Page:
“Huge ageing potential” for South African Sauvignon Blanc?

Elgin producer Andrew Gunn made a case for the ageing potential of South African Sauvignon Blanc, hosting a blind vertical tasting of a decade of Iona.

“Don’t be nervous of seeing an older Sauvignon Blanc on the shelf if it’s from a cooler region,” he remarked.

This argument was supported when the most popular wine in the room was revealed to be the 2004, with the oldest wine from 2001 still holding up well.

Gunn cited a cool climate, minimal intervention and allowing the grape to reach full physiological ripeness as the most important elements to creating Sauvignon Blanc with longevity.

Having bought the former apple farm in 1997, when there was just one other wine producer in Elgin, Gunn, an engineer by training, built up a database of soil and climate in order to understand the region and its potential for producing good quality wine.

Comparing Elgin to Bordeaux, he pointed to his “longer ripening season”, despite Elgin having a warmer spring and autumn.

As for South Africa’s other wine growing areas, Gunn suggested: “Wines from cooler regions can have huge ageing potential, but not in the warmer regions.”

Gunn also advocated a more hands-off approach from winemakers, remarking: “Sauvignon Blanc is such a manipulated variety. If you can make it with minimal intervention then you can make wines that will age.”

Turning his attention to the vineyard, Gunn distinguished his own approach from that of many South African Sauvignon Blanc producers, observing: “I’m not so keen on green pepper and asparagus; riper is the way to go – you get more complexity.”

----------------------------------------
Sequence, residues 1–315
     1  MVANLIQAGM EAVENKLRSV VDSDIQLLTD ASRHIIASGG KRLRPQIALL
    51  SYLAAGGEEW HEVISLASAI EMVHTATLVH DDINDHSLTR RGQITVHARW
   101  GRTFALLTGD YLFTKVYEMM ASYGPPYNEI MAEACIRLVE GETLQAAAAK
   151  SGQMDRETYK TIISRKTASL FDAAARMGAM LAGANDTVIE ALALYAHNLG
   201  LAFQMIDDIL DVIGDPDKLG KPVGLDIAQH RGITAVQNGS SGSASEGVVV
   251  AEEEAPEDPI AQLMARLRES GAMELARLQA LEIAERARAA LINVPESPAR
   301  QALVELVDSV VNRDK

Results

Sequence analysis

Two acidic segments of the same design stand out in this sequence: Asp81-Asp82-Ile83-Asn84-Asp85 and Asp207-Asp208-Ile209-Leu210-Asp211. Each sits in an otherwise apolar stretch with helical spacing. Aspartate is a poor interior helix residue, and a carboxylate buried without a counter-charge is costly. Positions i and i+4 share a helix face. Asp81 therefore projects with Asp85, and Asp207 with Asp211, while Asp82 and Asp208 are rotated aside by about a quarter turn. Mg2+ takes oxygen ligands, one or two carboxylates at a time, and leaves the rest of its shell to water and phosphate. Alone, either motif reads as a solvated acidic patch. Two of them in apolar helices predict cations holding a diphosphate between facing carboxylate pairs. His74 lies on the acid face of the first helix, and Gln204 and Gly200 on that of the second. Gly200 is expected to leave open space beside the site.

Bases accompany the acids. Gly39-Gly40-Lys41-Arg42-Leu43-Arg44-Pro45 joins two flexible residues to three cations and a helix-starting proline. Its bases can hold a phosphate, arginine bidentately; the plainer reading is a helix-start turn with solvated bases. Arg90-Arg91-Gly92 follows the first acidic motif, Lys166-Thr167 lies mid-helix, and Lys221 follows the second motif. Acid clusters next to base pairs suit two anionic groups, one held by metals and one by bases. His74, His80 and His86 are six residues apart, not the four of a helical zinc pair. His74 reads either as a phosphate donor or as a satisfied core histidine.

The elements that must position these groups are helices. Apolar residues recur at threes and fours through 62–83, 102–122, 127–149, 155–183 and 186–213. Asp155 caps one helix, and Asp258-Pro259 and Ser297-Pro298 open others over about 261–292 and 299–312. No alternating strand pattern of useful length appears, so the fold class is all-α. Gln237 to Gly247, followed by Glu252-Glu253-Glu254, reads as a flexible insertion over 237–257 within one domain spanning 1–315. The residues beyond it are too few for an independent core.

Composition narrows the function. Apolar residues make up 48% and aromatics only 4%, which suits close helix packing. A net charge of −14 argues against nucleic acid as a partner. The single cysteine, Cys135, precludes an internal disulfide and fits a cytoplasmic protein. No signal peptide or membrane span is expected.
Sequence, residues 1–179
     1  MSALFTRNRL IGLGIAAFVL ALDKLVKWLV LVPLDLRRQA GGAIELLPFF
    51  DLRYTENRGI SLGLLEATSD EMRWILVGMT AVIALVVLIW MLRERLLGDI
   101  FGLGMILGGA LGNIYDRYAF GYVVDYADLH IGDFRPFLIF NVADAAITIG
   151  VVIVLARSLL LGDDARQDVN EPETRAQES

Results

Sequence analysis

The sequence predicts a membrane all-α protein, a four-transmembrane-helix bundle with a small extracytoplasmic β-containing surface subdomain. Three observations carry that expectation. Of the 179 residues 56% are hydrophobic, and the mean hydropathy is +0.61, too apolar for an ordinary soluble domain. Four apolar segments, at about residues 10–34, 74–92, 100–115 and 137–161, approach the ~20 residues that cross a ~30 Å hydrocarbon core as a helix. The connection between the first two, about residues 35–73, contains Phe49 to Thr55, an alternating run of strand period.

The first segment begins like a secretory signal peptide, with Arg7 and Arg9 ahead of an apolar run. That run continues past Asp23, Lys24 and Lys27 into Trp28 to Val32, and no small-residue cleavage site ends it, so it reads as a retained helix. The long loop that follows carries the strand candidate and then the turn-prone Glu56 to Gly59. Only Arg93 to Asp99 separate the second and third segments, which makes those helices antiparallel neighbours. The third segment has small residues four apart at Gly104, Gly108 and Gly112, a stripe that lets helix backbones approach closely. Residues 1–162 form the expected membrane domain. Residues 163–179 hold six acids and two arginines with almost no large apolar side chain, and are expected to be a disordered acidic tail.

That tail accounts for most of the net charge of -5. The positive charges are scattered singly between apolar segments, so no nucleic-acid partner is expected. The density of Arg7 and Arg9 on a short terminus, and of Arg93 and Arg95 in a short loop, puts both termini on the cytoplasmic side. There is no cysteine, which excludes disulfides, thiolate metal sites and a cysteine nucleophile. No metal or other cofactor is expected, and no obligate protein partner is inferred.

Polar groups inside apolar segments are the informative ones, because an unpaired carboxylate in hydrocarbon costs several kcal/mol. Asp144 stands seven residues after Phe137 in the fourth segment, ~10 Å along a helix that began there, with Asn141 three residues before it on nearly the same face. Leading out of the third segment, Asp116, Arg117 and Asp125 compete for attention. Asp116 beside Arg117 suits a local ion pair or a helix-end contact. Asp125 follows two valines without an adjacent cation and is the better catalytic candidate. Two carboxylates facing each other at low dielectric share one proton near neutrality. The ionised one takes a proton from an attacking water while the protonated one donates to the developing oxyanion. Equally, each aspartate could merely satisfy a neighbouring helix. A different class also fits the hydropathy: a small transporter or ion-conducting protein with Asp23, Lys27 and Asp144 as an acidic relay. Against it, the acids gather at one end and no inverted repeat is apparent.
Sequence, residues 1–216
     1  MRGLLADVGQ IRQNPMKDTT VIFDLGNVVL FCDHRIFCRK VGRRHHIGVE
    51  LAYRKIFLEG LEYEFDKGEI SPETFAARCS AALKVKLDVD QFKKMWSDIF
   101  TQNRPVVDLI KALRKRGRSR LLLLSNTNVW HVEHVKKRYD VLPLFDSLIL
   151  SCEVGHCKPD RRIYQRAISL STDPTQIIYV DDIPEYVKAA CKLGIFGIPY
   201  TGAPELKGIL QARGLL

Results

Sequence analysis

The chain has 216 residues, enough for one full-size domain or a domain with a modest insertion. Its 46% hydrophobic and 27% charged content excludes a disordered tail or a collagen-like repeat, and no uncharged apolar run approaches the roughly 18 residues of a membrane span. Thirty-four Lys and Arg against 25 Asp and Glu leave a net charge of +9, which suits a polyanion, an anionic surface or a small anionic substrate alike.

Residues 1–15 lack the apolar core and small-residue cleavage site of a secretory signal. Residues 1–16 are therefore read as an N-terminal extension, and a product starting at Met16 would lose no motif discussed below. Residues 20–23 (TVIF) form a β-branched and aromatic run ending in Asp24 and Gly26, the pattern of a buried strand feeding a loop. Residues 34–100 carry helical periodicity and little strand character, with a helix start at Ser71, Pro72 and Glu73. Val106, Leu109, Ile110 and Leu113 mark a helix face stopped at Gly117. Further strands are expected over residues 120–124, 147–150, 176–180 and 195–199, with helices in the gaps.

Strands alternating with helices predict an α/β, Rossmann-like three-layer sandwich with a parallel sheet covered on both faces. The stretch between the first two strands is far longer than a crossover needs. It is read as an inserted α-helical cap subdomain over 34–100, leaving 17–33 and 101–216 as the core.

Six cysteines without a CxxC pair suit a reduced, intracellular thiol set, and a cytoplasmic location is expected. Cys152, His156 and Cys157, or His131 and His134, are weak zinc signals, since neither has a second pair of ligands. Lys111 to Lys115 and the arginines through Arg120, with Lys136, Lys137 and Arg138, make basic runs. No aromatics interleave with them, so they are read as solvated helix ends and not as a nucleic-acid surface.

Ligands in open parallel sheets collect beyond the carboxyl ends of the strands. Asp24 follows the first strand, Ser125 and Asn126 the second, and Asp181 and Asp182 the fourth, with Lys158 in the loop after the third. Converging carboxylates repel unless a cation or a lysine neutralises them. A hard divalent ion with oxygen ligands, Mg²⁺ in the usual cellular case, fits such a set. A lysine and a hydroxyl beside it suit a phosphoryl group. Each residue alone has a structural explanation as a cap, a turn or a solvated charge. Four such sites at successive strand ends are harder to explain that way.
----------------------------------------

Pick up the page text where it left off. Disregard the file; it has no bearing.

Elaborating on this theme, he explained: “Picking when the grapes are physiologically ripe is critical but that window is only three to four days to really get it right.”

In order to stagger ripening, Gunn uses nine different clones, three different rootstocks and plants his vines at different orientations to the sun.

The 10 blocks are all harvested and vinified separately before being blended to create the 10,000 cases of Iona Sauvignon Blanc produced each year. Since 2008, the blend has contained up 4% of Semillon for added weight and complexity.

While agreeing that the majority of sommeliers are only interested in buying the most recent vintage, Gunn revealed: “There are certain restaurants that ask for older vintages,” citing Delaire restaurant in Stellenbosch as an example.

Drawing attention to the 25 brands now based in Elgin, following a “euphoric period” between 2001 and 2006, Gunn went so far as to claim “Elgin has the potential to be the greatest wine region in South Africa.”

The problem, he accepted, is the fact that “there’s still a big percentage of apples being grown, which is far more profitable.”

He also flags up the region’s unsung contribution to other wines, saying: “A lot of producers are buying fruit from our region but it’s not disclosed.”

An in-depth analysis of the health of the South African wine market will appear in October’s issue of the drinks business.

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